Cranberries are beginning to appear in the produce section at my supermarket. I remembered seeing a recipe for Cranberries with Prunes in a 1915 issue of Good Housekeeping, and just had to give it a try.
Cranberries with Prunes are a lovely taste treat with bright notes of both fruits. The rich sweetness of the prunes mingles with the tart cranberries to create a vibrant mixture. Like many hundred-old-recipes, this classic recipe is simple to make with only four ingredients.
This recipe combines two super foods. Both cranberries and prunes are noted for having lots of antioxidants, fiber, and other good things. Amazingly, even though terms like antioxidant were unknown to cooks a hundred years ago, people seemed to have an intuitive sense of healthy food combinations.
Cranberries with Prunes
3 cups cranberries
1/2 cup sugar
1 cup water
1 cup prunes
Combine cranberries, sugar, and water in a large saucepan. Bring to a boil using medium heat; then reduce heat and simmer until cranberries burst. Add prunes and remove from heat. Cool before serving.
Adapted from recipe in Good Housekeeping (November, 1915)
I’m often amazed how foods and cooking techniques have changed over the past hundred years. As with many old recipes, I needed to adapt this recipe. The original recipe provided detailed directions for preparing the prunes.
Cover the prunes with water and soak overnight. Simmer gently till thoroughly tender. Take up with a skimmer, and when perfectly cool slip out the stones. Add the cranberries to the water in which these were boiled, pouring in more water if necessary. . .
The prunes I used were already pitted and very moist, so there was no need to soak them overnight or to pit.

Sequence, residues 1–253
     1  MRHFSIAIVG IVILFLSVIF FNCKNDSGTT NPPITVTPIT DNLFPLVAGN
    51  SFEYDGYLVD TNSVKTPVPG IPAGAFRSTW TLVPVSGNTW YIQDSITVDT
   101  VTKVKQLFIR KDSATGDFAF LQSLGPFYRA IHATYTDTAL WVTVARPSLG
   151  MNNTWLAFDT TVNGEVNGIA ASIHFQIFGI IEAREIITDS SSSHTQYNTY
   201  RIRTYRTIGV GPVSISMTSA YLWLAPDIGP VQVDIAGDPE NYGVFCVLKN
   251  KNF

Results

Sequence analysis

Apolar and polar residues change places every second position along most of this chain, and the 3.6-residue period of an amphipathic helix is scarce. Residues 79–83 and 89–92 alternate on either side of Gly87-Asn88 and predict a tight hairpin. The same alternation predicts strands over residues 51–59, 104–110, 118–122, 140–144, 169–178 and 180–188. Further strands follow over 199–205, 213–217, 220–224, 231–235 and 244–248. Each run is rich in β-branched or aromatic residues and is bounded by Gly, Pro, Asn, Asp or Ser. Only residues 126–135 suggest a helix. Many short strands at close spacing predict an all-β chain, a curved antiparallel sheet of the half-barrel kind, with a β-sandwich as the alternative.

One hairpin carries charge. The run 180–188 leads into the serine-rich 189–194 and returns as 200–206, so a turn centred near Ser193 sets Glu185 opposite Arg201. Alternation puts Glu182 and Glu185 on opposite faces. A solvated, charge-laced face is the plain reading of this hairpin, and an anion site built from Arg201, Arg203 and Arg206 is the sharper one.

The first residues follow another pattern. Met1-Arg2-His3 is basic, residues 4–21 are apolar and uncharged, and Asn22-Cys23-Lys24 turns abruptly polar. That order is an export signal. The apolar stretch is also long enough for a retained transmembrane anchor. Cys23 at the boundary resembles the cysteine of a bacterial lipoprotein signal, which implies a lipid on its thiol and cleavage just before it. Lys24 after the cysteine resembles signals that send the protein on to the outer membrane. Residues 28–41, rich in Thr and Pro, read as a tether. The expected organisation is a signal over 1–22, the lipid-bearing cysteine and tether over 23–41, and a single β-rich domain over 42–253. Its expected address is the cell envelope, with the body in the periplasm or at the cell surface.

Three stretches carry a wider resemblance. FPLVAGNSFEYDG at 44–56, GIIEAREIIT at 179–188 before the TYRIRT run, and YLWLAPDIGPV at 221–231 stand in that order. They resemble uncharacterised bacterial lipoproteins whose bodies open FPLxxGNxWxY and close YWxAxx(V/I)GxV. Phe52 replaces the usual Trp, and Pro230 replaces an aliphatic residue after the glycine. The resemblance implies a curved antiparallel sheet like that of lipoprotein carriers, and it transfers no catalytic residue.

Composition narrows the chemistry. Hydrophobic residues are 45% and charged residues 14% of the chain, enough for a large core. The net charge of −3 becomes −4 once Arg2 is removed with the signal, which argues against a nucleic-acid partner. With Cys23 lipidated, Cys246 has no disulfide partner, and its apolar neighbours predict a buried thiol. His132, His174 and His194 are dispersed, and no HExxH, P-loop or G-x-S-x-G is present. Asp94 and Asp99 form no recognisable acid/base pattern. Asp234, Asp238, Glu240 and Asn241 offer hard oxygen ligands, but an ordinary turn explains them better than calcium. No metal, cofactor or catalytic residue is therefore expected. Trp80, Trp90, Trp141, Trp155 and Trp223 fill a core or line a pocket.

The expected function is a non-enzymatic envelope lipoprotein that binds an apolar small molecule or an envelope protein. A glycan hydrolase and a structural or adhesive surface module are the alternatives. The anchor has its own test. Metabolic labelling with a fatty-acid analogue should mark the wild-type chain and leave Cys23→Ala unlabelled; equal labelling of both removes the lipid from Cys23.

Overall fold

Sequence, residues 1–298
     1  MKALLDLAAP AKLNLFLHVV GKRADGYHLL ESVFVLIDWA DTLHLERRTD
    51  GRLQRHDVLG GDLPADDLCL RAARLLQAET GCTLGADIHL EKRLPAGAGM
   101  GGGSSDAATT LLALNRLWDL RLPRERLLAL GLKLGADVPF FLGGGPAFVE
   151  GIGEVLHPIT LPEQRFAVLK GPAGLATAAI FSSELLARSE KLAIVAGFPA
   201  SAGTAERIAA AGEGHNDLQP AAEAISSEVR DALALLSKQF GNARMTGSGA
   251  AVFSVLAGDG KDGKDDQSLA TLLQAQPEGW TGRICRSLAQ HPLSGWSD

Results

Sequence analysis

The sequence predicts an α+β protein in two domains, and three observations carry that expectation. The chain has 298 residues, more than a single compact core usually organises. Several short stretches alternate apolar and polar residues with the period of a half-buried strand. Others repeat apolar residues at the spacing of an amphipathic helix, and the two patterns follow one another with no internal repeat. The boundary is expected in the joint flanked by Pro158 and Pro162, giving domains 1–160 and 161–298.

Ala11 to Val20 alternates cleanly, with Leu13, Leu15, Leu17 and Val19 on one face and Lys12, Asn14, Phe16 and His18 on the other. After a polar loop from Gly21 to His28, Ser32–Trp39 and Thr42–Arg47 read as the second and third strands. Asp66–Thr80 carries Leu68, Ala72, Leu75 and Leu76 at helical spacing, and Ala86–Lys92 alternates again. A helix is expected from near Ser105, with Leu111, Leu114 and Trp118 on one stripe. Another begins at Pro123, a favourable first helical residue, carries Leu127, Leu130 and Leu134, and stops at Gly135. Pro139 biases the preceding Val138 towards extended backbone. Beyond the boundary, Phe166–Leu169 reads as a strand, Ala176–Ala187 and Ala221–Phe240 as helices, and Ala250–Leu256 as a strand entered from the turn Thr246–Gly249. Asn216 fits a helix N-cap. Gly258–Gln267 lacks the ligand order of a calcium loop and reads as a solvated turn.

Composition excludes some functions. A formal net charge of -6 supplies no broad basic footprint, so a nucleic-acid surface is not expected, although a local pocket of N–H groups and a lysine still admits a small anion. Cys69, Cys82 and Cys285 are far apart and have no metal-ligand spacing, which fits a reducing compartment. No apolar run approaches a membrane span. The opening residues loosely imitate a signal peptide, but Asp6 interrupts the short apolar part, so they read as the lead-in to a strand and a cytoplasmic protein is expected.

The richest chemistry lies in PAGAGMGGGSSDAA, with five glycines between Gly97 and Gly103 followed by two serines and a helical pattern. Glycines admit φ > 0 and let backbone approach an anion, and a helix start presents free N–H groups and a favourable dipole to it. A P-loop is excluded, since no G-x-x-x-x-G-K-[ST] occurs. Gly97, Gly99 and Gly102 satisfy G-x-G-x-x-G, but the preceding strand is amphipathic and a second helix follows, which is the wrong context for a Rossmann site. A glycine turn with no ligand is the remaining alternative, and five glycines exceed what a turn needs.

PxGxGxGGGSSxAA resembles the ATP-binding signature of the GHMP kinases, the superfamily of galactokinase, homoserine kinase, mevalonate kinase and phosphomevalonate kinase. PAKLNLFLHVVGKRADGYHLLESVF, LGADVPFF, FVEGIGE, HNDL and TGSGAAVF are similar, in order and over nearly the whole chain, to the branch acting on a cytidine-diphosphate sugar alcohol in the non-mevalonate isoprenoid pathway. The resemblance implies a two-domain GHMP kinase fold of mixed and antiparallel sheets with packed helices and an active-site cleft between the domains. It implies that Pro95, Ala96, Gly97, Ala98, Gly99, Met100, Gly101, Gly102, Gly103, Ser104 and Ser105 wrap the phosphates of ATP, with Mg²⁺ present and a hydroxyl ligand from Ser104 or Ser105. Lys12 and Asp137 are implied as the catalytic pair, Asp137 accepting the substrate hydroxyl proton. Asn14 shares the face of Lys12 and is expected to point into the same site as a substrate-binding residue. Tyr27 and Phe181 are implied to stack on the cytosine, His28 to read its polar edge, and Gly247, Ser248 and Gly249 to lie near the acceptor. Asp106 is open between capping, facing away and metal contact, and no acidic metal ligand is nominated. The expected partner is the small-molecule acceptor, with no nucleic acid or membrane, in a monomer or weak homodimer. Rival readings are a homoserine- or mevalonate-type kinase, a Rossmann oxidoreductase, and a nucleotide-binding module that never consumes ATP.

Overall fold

45 thoughts on “Cranberries with Prunes”
Reading old recipes is a perfect way to see how much the world has changed in one hundred years!
I agree! Some of the foods and cooking techniques that seem very basic now were different back then.
I have really been trying to eat better lately – this is a great idea!!
I’m glad you liked it.
This looks wonderful. i wonder if i could serve this for Thanksgiving and just forget to tell the family that there are prunes in it?
Works for me. . . though they’ll probably notice the prunes since they are a fairly large (and distinctively colored) fruit. 🙂
You’re a wonder. I can barely figure out what to do with modern recipes. I admire you for interpreting these old ones!
I have a lot of fun with the old recipes. I enjoy the challenge–and their murkiness gives me several degrees of freedom when I interpret them. 🙂
When I saw the title of this one, I thought, “No kidding!” I never would have thought of combining these, but it’s an inspired idea. It certainly would do very well as a cranberry sauce, too. I grew up with the jellied sauce that came to the table still bearing the marks of the can, and canned whole berry sauce. I didn’t really develop an appreciation for the fruit until I started using the fresh ones.
I grew up with the jellied kind that came in a can, too. I think that it was considered the “modern” way to serve cranberries back then. It seems strange how wholesome foods seem like they often got lost in the rush towards modernity and convenience in the middle part of the 20th century.
Cooks used prunes often back in the day. I saw a recipe for a prune sandwich.